9TH ANNUAL NAPOMO 30/30/30 :: DAY 23 :: KRISTINE ESSER SLENTZ on TIM DLUGOS
I first met Tim Dlugos when I was applying to Columbia College’s undergrad program. At the time, it was the only institution in the nation that offered a poetry major. Excited at this prospect, I journeyed to the campus to meet with an English Department advisor to discuss the possibility of my acceptance. Upon meeting, I was given a copy of the school’s yearly poetry anthology, Columbia Poetry Review, which listed the faculty member David Trinidad, who edited an anthology of Tim’s poems. I spent the whole South Shore train ride from Chicago back home to northwest Indiana devouring all of these poems, which continued upon my return to my sadly maintained but internet-accessible rental home.
Tim, a deceased stranger largely from the east coast, hypnotized my 17-year-old brain, though I can’t tell you how the haze descended or what my mind’s intended gravitations were at the time. I hadn’t a clue as to why I felt so connected to who I assumed was another “old school” poet by his black and white photos. After I left my haphazardly sheltered life, I learned it was mostly due to his strong religious affiliations and proud queerness — two things I inwardly and openly brawled with at the time, both consciously and subconsciously. Tim was a Christian Brother at LaSalle College in Philly. Then he was a part of the activist driven poetry reading series Mass Transit while living in Washington. D.C. and then moved to NYC to join the Poetry Project staff. Later, after Tim learned he was HIV+, he went to Yale University to become an Episcopalian priest. Our twisted-turns of education (mine running from a public school to homeschool back to public only to get my GED to commuter college to a large public university) only deepened my love for this majestic man.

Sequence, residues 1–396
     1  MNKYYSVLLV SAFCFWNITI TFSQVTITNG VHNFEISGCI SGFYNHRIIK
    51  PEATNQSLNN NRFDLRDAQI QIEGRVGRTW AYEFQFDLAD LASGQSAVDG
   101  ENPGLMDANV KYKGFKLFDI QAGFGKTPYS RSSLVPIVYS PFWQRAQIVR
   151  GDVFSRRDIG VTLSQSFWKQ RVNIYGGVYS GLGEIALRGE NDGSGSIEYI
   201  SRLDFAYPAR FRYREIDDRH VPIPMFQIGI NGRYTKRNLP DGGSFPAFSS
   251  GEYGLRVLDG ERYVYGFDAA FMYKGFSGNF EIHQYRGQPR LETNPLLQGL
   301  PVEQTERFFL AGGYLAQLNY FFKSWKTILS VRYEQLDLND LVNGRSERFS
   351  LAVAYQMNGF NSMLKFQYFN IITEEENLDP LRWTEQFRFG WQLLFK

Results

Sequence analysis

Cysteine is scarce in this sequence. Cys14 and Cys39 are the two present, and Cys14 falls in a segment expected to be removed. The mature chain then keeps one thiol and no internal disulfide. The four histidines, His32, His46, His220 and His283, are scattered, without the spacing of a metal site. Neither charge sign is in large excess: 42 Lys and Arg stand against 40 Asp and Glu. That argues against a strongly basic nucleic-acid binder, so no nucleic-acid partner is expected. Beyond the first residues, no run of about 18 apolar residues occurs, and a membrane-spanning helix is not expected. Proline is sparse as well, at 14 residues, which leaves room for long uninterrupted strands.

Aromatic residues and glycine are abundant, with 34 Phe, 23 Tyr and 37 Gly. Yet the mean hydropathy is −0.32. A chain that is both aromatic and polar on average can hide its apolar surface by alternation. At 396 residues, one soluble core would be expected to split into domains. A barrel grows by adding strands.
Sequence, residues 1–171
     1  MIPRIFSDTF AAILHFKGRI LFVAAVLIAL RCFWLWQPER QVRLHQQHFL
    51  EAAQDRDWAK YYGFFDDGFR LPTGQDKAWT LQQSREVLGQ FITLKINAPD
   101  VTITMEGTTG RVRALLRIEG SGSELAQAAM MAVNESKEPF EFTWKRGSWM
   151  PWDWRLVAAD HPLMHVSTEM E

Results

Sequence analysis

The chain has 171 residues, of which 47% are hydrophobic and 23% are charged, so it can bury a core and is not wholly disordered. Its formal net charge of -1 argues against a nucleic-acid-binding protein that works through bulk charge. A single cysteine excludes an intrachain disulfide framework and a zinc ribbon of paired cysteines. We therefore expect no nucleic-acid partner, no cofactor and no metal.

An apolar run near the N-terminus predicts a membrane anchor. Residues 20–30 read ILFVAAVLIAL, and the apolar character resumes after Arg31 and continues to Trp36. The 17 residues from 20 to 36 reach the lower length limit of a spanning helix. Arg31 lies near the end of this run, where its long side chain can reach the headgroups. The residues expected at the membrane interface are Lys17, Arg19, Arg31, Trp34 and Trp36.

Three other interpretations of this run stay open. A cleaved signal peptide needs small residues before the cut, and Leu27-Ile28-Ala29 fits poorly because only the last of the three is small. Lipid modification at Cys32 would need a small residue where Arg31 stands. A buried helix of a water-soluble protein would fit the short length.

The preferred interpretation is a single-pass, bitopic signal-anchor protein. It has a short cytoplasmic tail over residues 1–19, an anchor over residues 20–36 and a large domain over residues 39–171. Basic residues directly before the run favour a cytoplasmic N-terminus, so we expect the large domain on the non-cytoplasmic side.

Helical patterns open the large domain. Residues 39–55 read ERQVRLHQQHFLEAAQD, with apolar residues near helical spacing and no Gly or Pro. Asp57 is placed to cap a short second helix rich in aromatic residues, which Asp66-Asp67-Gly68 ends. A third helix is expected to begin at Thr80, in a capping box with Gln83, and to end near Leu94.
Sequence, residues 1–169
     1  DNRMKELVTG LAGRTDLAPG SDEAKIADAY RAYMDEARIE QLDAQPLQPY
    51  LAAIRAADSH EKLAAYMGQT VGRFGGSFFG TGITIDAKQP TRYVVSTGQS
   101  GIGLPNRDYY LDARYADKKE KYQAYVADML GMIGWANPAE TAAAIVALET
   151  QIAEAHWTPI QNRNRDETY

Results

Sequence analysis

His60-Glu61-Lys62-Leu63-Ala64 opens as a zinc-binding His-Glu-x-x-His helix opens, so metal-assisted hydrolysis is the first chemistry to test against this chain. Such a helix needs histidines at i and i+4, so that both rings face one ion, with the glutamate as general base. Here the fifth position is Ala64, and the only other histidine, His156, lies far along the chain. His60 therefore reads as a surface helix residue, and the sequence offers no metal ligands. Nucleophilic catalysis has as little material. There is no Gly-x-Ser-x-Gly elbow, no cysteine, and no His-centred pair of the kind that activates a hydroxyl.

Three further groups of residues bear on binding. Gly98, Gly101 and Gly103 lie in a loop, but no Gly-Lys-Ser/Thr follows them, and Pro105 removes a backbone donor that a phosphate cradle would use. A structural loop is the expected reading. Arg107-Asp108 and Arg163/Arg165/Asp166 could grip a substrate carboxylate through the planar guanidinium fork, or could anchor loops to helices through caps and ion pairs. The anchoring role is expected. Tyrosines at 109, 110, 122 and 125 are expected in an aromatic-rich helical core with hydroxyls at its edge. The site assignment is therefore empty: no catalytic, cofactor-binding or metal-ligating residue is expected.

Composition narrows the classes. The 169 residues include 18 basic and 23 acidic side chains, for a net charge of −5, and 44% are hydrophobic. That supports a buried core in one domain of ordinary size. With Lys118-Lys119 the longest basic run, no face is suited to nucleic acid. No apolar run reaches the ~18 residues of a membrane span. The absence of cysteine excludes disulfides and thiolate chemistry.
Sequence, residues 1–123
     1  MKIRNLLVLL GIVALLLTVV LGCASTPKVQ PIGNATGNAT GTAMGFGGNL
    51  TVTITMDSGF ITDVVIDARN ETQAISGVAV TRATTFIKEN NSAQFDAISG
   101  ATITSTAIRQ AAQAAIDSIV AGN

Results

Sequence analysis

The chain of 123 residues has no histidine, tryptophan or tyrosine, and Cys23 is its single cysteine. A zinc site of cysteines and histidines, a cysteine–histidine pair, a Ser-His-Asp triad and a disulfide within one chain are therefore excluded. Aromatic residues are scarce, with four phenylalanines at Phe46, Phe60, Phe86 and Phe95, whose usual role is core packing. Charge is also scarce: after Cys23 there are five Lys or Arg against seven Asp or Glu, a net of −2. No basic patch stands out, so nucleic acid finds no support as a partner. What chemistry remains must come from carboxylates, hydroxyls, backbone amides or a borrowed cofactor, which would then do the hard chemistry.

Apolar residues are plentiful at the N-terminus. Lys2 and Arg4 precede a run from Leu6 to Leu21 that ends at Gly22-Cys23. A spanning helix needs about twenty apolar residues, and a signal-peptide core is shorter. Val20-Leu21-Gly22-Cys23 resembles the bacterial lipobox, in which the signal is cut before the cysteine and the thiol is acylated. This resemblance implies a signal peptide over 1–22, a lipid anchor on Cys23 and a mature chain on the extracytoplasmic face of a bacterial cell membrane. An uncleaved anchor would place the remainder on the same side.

So, I bought a few of Dlugos’ books that are only available in first edition. My devote cult-Christian mother was so happy. Upon receiving his first chapbook, High There, in the mail, my life was permanently altered. A poem that has forever stuck with me is “Allentown” because of its sexual rawness but also emotional tenderness that can be applied to so much in life, though admittedly, it was only of the erotic nature at 17.
to fuck before
the bus came
I learned that Tim’s best known poem is “G-9,” titled after the HIV/AIDS ward of Roosevelt Hospital in Manhattan where he was treated. This excessively long, one-stanza piece is both humorous and somber while addressing the acceptance of mortality. Tim works to describe the sentiment of seeing his close loved ones grow sick and pass away in such a short amount of time, along with himself, while also clapping back at certain schools of prominent poets. This epic was published in The Paris Review only a few months before Tim departed this life of AIDS-related complications at the age of 40. Throughout my teens and into my 30s, I’ve had to face my own mortality and the mortality of friends and family, and Tim just gets that.
I’m sitting here during this mass self-distancing/quarantine pandemic thinking about Tim. I pull out A Fast Life, a book of his I haven’t read in years. Immediately I see how his words have echoed through my works and have even wedged themselves into my current thesis project. My style has vastly changed since discovering this personally pivotal poet, but essences of Tim’s lyricism are still here with me.
Kristine Esser Slentz is a queer, experimental poet from northwest Indiana and the Chicagoland area. She is a Purdue University alum who double-majored in English literature and creative writing. Currently, she is earning her MFA in creative writing (poetry) at City College of New York where she is an adjunct professor and a co-organizer of the MFA Reading Series. Kristine has also been long-listed with Rhythm & Bones Press and will be completing a residency with Poets Afloat. Some places her poetry has appeared in or is forthcoming include Yes Poetry, Moonchild Magazine, The Shallow Ends, Glass Poetry, Pink Plastic House, Barren Magazine, Crab Fat Magazine, Philosophical Idiot, and Flying Island Journal, where she was nominated for a 2017 Pushcart Prize.